ICMF 2010, Tampa, FL USA, May 30-June 4, 2010


Pressure Drop and Heat Transfer of Single-Phase Flow and Two-Phase Boiling Flow in
Thin-Rectangular Channels

Y. Koizumi*, H Ohtaket and K. Satot


Prof, Department of Functional Machinery and Mechanics, Shinshu University
3-15-1, Tokida, Ueda, Nagano 386-8567, JAPAN
koizumiy @shinshu-u.ac.jp
tProf., Department of Mechanical Engineering, Kogakuin University
2665-1, Nakanomachi, Hachoji, Tokyo 192-0015, JAPAN
atl0988(@ns.kogakuin.ac.jp
tDepartment of Mechanical Engineering, Kogakuin University
1-24-2, Nishishinjuku, Shinjuku, Tokyo 163-8677, JAPAN
am08027ins kogakuin ac jp



Keywords: thin rectangular channel, two-phase flow, flow patterns, pressure drop, boiling heat transfer




Abstract

Heat transfer and pressure drop of boiling flow in the horizontal-thin-rectangular channels have been examined. The
channel width was 10 mm and the channel height was varied from 1.104 mm through 0.184 mm. Test fluid was distilled
water. The sub-cooling of fluid at the inlet of the test section was from 5 OC to 20 OC Bubbly flow, slug flow, semi annular
flow and annular flow were observed. The flow pattern transition agreed well with the Baker flow pattern map for the usual
sized flow path. The Martinelli and Nelson method for the pressure drop of boiling two-phase flow predicted present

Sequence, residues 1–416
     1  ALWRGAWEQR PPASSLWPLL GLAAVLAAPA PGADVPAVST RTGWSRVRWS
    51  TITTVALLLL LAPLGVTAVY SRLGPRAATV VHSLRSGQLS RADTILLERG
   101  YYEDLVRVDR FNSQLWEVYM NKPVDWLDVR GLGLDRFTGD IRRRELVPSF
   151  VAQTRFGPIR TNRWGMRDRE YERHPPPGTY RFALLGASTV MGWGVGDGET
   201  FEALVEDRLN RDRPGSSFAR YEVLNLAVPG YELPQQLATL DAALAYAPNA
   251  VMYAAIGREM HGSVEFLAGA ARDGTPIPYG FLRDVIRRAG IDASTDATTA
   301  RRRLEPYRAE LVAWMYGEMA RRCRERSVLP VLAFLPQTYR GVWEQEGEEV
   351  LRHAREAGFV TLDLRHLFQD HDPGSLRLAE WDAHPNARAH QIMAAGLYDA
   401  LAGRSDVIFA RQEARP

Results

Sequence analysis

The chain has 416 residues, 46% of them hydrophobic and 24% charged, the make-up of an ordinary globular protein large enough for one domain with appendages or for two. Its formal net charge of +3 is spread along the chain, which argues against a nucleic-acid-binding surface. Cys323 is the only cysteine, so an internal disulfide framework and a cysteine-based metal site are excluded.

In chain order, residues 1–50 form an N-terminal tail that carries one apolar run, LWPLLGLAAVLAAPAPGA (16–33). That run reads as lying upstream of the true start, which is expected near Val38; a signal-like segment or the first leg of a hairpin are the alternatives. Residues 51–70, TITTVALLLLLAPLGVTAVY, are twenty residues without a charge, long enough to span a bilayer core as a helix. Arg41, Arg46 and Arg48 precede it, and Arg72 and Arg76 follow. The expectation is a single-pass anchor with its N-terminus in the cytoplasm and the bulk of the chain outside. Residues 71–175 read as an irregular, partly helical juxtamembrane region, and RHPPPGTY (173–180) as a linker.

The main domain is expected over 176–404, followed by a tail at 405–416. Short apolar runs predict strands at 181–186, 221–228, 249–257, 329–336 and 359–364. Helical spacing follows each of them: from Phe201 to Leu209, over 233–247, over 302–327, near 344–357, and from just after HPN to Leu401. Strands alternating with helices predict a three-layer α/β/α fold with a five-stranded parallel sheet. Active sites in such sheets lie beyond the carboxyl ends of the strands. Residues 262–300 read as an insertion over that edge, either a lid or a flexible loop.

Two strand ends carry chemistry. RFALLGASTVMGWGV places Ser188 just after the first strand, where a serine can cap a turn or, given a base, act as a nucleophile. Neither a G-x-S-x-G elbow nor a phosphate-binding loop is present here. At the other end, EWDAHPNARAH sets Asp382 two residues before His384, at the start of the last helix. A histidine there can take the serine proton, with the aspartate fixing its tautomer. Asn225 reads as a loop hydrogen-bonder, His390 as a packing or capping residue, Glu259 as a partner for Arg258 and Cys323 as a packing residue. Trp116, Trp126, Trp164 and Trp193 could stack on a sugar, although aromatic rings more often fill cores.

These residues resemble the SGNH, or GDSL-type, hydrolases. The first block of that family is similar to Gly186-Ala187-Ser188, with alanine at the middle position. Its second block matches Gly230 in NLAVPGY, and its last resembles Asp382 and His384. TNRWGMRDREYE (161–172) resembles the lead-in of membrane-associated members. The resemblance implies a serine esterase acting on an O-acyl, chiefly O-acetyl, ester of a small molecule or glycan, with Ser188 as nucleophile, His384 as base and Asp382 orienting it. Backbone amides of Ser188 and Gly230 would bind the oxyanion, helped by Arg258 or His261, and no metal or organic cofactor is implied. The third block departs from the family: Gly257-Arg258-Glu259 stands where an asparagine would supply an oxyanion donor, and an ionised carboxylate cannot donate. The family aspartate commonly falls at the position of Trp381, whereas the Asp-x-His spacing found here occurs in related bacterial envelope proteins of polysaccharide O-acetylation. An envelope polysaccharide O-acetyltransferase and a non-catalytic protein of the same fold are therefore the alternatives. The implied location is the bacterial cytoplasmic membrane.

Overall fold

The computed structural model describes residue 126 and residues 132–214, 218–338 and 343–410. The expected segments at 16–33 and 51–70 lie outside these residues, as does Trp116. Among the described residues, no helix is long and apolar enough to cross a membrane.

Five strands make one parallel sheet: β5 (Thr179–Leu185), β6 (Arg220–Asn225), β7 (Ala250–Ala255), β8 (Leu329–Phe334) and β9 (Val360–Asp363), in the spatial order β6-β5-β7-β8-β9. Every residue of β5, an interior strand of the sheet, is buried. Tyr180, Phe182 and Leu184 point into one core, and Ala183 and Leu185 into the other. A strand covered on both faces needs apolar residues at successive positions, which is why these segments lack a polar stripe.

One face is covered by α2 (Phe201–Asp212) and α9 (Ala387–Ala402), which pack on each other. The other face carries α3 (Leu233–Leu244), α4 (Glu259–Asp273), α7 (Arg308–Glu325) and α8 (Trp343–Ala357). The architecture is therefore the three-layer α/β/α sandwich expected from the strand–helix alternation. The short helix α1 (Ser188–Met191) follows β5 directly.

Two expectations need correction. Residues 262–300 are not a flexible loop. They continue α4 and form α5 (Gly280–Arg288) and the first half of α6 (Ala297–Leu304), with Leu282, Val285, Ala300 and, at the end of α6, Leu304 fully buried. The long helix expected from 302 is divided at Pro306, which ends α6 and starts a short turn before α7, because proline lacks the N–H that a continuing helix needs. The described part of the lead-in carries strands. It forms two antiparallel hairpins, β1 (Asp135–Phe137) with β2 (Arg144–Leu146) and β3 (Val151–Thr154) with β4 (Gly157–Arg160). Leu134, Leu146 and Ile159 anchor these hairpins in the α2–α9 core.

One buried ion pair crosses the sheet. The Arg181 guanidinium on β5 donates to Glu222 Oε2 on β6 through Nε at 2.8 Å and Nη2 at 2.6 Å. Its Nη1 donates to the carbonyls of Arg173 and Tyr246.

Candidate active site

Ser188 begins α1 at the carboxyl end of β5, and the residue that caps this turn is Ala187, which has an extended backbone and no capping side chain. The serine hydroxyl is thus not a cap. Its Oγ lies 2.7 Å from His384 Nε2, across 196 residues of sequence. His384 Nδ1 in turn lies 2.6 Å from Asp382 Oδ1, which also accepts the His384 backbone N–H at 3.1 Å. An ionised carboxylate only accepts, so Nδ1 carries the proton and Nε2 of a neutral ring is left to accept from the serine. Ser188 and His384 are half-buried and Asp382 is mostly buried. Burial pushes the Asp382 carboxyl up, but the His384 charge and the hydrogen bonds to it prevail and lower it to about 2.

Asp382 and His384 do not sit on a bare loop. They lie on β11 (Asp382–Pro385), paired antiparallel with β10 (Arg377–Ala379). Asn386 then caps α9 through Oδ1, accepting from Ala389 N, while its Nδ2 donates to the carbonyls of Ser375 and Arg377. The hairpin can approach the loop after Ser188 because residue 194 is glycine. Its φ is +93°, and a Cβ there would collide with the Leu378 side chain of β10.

experimental results well. In the low quality region, measured pressure drop was larger than the predicted value because of
sub-cooled boiling. When the channel height was higher than 0.4 mm, a flow state was bubbly flow until the CHF condition
and flow boiling heat transfer was well expressed with the Rohsenow pool boiling correlation. When the channel height was
narrower than 0.4 mm, a film flow state came out at an early stage after boiling initiation. Tiny bubbles were noted in the film
on the heat transfer surface. The heat transfer coefficient became larger than that of the Rohsenow pool boiling correlation
because of the effective heat transfer of the evaporation of the film. The CHF was lower than the value of the usual sized flow
channel. The Koizumi and Ueda method that was developed by considering the mechanism of the formation of a dry area on